Monday, 14 April 2008

FO: Rainbow socks & baby hats

Finally, here are my lovely rainbow socks, knit with yarn from Natalie at the Yarnyard. They are just ordinary, plain jane top-down socks. I knit them quite short in the leg because I like them that way (and in the hope I might make my skein stretch to two pairs). Given the loveliness of the yarn I didnt think I needed to choose a fancy pattern. I love the mini rainbows that appeared magically underneath each heel.

I've also been busy in a frenzy of baby knitting. So frenzied that I sent two items without taking any photographs. One was a pair of 'tranquil' bootees from the Rowan babies book, sent to Australia to celebrate the birth of Charlotte. Congratulations to mum and dad, Angela and Damien. The other item was a small hat destined for baby Elizabeth, born on Good Friday, to Susan and Simon. Mum Susan deserves an extra special congratulatory mention for managing to avoid a c-section by persuading her midwives to let her have one last push. Well done you.

Inspired by the smallness and quickness of those items, I motored on with a couple more baby hats for my gift stash. We know of at least 3 more babies due this year to friends (and countless others to work colleagues and friends of friends). Another hat is on the needles.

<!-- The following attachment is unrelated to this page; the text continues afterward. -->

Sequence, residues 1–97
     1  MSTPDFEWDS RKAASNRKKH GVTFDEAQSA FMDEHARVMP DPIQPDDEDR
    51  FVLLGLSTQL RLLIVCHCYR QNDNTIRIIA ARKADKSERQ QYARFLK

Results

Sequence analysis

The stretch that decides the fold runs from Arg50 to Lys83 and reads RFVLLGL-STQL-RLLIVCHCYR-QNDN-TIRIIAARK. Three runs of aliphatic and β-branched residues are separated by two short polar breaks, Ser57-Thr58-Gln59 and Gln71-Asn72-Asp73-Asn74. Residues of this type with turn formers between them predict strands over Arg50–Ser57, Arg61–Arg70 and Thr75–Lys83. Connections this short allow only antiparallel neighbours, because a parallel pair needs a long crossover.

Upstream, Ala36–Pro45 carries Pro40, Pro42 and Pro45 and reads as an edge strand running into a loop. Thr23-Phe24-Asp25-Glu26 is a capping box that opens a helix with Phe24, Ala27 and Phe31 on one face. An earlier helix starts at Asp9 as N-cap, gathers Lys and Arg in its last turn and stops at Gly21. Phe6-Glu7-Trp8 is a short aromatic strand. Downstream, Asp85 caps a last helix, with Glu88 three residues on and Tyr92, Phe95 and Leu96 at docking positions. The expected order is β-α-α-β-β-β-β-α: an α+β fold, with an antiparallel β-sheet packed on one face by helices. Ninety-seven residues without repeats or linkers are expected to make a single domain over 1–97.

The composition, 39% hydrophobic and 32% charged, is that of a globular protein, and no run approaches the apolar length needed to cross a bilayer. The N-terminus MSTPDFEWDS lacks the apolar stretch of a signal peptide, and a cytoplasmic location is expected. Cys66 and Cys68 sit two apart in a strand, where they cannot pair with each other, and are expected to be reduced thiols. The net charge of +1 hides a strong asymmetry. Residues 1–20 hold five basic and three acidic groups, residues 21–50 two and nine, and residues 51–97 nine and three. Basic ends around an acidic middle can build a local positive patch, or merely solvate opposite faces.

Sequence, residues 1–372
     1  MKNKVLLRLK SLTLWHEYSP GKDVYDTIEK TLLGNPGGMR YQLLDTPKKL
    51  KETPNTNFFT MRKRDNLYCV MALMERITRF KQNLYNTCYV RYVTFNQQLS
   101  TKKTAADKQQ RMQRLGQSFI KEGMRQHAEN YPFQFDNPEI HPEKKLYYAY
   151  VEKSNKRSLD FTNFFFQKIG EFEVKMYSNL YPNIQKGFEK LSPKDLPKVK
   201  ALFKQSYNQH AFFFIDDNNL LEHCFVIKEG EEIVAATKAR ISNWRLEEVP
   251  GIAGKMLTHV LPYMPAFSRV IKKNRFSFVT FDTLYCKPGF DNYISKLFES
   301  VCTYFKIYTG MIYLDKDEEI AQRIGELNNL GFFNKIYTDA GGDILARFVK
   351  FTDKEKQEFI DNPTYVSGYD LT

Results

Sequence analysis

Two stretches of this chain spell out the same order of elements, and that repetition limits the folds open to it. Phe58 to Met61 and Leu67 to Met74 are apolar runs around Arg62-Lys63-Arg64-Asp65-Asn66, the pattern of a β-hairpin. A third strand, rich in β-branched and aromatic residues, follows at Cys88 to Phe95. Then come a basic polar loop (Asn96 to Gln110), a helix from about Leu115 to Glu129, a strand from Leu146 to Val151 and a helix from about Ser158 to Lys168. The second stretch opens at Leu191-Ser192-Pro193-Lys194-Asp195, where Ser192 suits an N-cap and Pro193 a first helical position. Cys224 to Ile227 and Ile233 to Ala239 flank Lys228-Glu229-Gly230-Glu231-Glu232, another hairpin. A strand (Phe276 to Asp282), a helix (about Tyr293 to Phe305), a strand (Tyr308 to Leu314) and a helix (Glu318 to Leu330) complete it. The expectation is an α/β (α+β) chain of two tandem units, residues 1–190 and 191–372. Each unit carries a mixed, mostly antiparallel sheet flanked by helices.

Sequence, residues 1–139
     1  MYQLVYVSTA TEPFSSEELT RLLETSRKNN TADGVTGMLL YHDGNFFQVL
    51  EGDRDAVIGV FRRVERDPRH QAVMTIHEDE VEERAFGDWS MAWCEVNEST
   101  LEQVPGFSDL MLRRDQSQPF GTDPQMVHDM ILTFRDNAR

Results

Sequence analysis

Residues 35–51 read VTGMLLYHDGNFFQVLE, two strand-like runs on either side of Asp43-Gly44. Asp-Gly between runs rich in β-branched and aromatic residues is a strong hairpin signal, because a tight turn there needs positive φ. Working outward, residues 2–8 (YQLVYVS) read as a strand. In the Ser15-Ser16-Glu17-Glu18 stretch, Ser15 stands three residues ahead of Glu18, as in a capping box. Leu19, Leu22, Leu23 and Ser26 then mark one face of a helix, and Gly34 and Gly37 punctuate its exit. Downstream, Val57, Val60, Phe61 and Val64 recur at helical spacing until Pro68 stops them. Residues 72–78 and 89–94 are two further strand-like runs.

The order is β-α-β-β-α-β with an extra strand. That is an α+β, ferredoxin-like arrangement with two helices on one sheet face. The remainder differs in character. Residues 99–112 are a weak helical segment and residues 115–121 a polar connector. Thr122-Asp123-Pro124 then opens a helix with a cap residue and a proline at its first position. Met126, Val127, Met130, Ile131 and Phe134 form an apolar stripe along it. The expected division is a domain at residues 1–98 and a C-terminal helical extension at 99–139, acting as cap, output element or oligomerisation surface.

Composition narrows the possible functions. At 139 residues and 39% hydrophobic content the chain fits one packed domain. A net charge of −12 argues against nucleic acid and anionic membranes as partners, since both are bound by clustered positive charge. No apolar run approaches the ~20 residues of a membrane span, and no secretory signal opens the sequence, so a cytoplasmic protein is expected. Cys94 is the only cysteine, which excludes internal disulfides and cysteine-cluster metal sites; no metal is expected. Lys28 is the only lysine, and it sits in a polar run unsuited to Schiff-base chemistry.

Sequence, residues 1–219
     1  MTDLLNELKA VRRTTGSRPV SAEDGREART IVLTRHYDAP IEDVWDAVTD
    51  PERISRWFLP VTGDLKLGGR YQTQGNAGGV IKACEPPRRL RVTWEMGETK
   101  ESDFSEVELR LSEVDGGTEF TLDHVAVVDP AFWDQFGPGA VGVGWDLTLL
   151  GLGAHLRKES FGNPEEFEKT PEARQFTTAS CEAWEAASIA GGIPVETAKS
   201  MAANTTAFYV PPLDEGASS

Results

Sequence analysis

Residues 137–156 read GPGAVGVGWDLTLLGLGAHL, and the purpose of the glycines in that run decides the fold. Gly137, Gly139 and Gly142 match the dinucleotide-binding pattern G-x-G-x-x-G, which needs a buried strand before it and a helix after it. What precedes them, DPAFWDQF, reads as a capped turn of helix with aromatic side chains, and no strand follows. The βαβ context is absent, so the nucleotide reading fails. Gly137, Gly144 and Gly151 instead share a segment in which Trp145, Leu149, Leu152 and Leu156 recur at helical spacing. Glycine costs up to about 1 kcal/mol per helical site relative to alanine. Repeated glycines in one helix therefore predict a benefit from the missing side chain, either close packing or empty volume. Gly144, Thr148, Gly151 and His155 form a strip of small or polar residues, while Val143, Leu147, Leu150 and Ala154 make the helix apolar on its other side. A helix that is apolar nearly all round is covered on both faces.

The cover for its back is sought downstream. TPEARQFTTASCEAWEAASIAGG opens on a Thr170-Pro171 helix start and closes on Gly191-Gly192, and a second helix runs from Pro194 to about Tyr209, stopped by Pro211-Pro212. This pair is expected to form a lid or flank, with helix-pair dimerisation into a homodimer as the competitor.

This is just a made up baby beanie pattern, which can be knit flat or in the round. The stripey version was made following grumperina's instructions for stripey socks, and worked fabulously as a means of using up some oddments from my stash of baby 4 ply. I started with three colours - green, white and very pale green (it's very, very pale). Just as I got to the shaping for the top, the very pale green ran out, which is why the stripes change here.

Tuesday, 1 April 2008

accepting the challenge

There are more FOs to blog, but today is about something rather more serious. Before Easter, I was at a conference in Belfast. One of the keynote speakers was Jonathan Porritt. He was an engaging speaker, and someone I have set a lot of store by over the years. The main thrust of his message was this - the implication of the recent IPCC (inter governmental panel on climate change) report is this: in order to limit climate change to a rise of 2 degrees celsius, we need to shift to a low-carbon economy within 15 years or so. You'd have to be quite old for that timescale to seem beyond your years. 15 years is soon. Really soon.

I've been reflecting on Jonathan Porritt's words since then. What does a low-carbon economy look like? What can I do in my personal and professional life to help bring it about? Can I shift my life to a low carbon existence?

Leaving aside my professional contribution, I am thinking about the other choices I make. Knitting and crafting can fit well into a low-carbon life, as they offer the opportunity to make bespoke garments (more likely to be used, looked after and given a long-life), to mend and repair existing garments/items; to recycle and reuse yarn and fabric. There are some other choices to be made for a low-carbon world - using natural rather than synthetic fibres (wool, cotton and other animal/vegetable fibres are intrinsically low carbon compared to synthetic yarns which originate from petrochemical sources); local and organic yarns where available (local just to reduce yarn miles and organic because this system does not rely on petrochemical inputs such as inorganic fertilisers and pesticides). Oh yes, and using up the stash. I think there is a lot to be said for that - making do with what we already have. I'm sure there are other things too.

What would you add?